However, we can't simply suggest that Marriott is being unfair to pet owners etc..etc..
We appreciate the fact that Marriott discourages pets in the hotel. We will not stay at the Ritz or the Four Seasons every again because of the pet rules. We had pets always as our children grew up but never took them to a hotel or motel, because it would be inconsiderate of others just like smoking on airplanes and in public buildings etc. If nice folks like to travel with their pets, there are dozens of very nice hotels and motels that allow pets. So everyone can be happy. Be critical of each other for personal likes and dislikes is a waste of time. We all have a right to our opinions, likes and dislikes.
While I sympathize with pet owners who need a place to stay with their pets, I am most concerned about those of us, my wife & I included, who are allergic to many dogs and cats.
One should be able to specify that they require a room that has not been occupied by any dog or cat.
The idea of separate blocks of rooms for those who travel with pets is fine, just as long as it does not interfere with other peoples right to breathe pet free air.
I am a PE member and have been a MR member since 2005. My family and I have stayed at Marriott brand hotel all over the world. However, as an active duty military member with two (older) dogs, it is getting unaffordable for me to stay at Marriott hotels due to the exorbitant pet fees charged at each hotel. This past summer, the military moved my family from the Washington, D.C. area to Omaha, NE. For this military move, we stayed at Marriott hotels in Springfield, VA; Morgantown, WV; Chicago, IL; Des Moines, IA, and Omaha, NE. Each of these hotels charged a $100-$150, non-refundable pet fee (even at one hotel where we stayed less than 8 hours)! This would have added an additional $550 expense to our military move, which is not reimbursable by the government. These pet fees are completely an "out of pocket" expense for military members. Even as a PE member, some of the hotels were unwilling to waive the fee, saying it was a direct transfer of the charge they pay to have the carpets "professionally" cleaned once we check out. I take exception to this since I have firsthand experience/knowledge that the carpets are NOT professionally cleaned after each pet stay. So this pet fee appears to be a way for hotels to "pad" their bottom lines at the expense of pet owners. Although two of the hotels we stayed at during our military move did waive the pet fee (after we protested) this added hundreds of dollars to our moving expense. These pet fees place an additional financial burden on military families, especially the junior ranks. Only recently, these pet fees were refundable at most locations, now they are non-refundable. Marriott needs to understand the added financial burden these pet fees place on pet owners AND the burden it places on military families who are relocating to a new assignment. We cannot continue to pay these fees during military moves. It does not make sense for people staying one night to pay the same pet fee charge as someone on an extended stay. Marriott (corporate) should seriously consider waiving these fees for military members traveling on orders. This would be another way to support the troops besides just offering a government rate. In addition, there should be some benefit for being a MR (PE) member and consideration should be given for waiving these fees for MR members since we have obviously proven our loyalty to the Marriott brand. Please contact me directly if you would like additional information. Thank you.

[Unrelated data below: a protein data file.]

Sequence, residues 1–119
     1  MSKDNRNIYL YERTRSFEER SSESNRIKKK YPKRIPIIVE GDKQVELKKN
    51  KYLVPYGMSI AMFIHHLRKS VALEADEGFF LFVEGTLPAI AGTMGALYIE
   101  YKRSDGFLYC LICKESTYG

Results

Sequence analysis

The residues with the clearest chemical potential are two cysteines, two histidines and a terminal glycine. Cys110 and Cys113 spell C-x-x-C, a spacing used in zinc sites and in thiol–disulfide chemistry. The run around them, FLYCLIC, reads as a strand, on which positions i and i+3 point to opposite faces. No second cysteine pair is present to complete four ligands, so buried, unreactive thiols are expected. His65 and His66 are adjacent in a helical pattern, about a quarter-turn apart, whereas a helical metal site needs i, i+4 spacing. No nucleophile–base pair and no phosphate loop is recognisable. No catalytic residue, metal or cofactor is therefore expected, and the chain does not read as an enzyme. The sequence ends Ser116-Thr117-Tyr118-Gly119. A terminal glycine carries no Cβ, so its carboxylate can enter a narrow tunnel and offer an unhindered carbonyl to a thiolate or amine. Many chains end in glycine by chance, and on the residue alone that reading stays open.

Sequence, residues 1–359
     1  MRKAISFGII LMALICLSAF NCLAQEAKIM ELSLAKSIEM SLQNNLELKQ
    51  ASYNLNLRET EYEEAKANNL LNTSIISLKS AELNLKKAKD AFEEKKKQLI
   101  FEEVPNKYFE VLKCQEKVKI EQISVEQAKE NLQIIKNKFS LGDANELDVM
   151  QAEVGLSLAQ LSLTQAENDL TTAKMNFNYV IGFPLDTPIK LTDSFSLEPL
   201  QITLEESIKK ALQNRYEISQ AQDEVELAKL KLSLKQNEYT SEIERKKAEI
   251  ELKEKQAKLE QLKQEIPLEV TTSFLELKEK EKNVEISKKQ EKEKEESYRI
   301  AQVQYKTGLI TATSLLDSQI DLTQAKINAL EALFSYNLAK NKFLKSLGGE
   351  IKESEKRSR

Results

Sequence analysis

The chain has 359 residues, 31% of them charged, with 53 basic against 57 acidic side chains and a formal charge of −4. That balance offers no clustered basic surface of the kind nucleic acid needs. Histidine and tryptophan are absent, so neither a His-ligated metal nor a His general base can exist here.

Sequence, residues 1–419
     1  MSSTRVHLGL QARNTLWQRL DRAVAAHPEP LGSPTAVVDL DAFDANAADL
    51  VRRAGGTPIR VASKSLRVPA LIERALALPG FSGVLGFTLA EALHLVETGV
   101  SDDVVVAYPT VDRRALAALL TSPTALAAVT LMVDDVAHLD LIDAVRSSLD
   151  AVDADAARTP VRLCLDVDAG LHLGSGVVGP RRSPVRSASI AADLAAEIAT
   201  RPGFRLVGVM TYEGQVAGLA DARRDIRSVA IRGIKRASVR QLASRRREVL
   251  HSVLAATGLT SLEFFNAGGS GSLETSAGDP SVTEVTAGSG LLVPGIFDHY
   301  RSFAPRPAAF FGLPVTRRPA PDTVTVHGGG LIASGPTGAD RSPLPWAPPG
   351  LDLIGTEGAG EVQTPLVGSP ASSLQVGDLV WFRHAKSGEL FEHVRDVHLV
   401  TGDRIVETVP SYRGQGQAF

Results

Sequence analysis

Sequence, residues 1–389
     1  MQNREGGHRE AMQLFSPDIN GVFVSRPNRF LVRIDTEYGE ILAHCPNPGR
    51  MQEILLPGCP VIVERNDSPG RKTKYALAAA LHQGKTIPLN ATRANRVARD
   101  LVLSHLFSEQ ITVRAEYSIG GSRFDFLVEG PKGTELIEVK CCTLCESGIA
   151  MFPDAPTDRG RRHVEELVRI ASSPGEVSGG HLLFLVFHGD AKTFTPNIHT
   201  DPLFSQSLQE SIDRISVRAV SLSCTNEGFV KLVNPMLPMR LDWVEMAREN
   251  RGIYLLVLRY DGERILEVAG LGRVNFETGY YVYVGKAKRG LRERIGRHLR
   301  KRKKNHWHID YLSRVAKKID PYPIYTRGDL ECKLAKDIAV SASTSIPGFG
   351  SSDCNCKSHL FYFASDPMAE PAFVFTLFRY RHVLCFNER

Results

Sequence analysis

At the risk of wading into a mine field, I must respectfully disagree. First, I believe that if you feel that your pet expenses with regards to military moves should be covered, then your complaint would be more properly directed at Uncle Sam, who orders your moves, but further to that, I agree that the government is correct in not paying for your pet moving expenses. Owning a pet is a privilege. For all of us.
I'm not disagreeing with exorbitant pet fees. I'm disagreeing with your argument regarding a free entitlement from a corporation due to your military status (which is mentioned 10 times in your post). Again, owning a pet is a privilege and with it comes responsibility and expense, both which fall on the pet owner and the pet owner alone.
Remember that even if the dog causes no damage, extra cleaning is required after a dog or cat stays in a room because here are many people who cannot tolerate any dog or cat dander due to allergies.
I'm not convinced that $150 is reasonable but some sugcharge should be imposed so that the room is usable for the general public.
Perhaps a $50 dollar charge and a $100 refundable deposit would be more appropriate.
I wish more Marriott Properties were pet friendly and I do not have an issue paying a cleaning fee - if they do indeed steam clean after my stay. As a Vacation Club owner - it would be nice to take our pet on a few of our vacations. To my knowledge all Vacation Club locations do not allow pets.